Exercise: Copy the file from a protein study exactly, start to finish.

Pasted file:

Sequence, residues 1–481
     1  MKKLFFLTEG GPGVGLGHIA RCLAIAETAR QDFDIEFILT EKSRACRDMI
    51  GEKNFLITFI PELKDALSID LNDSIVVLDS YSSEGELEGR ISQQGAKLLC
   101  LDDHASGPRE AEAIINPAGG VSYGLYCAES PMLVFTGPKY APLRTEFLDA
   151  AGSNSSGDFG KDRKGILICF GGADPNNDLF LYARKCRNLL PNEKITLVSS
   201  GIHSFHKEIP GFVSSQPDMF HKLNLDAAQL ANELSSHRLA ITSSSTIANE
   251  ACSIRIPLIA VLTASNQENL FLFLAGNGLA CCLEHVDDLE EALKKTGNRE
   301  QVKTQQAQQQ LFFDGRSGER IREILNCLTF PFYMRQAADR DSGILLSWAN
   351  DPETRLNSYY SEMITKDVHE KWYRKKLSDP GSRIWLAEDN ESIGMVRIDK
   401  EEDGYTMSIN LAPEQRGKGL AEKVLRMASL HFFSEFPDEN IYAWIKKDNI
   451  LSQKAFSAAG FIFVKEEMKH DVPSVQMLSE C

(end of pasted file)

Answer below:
Sequence, residues 1–481
     1  MKKLFFLTEG GPGVGLGHIA RCLAIAETAR QDFDIEFILT EKSRACRDMI
    51  GEKNFLITFI PELKDALSID LNDSIVVLDS YSSEGELEGR ISQQGAKLLC
   101  LDDHASGPRE AEAIINPAGG VSYGLYCAES PMLVFTGPKY APLRTEFLDA
   151  AGSNSSGDFG KDRKGILICF GGADPNNDLF LYARKCRNLL PNEKITLVSS
   201  GIHSFHKEIP GFVSSQPDMF HKLNLDAAQL ANELSSHRLA ITSSSTIANE
   251  ACSIRIPLIA VLTASNQENL FLFLAGNGLA CCLEHVDDLE EALKKTGNRE
   301  QVKTQQAQQQ LFFDGRSGER IREILNCLTF PFYMRQAADR DSGILLSWAN
   351  DPETRLNSYY SEMITKDVHE KWYRKKLSDP GSRIWLAEDN ESIGMVRIDK
   401  EEDGYTMSIN LAPEQRGKGL AEKVLRMASL HFFSEFPDEN IYAWIKKDNI
   451  LSQKAFSAAG FIFVKEEMKH DVPSVQMLSE C